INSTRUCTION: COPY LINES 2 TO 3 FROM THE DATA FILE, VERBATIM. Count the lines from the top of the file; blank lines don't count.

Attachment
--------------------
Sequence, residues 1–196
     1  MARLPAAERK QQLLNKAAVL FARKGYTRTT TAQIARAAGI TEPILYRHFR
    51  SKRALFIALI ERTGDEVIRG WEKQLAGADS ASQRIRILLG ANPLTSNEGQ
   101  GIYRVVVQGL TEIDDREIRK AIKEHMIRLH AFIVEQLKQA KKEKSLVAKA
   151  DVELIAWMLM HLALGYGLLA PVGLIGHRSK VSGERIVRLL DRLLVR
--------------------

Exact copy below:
     1  MARLPAAERK QQLLNKAAVL FARKGYTRTT TAQIARAAGI TEPILYRHFR
    51  SKRALFIALI ERTGDEVIRG WEKQLAGADS ASQRIRILLG ANPLTSNEGQ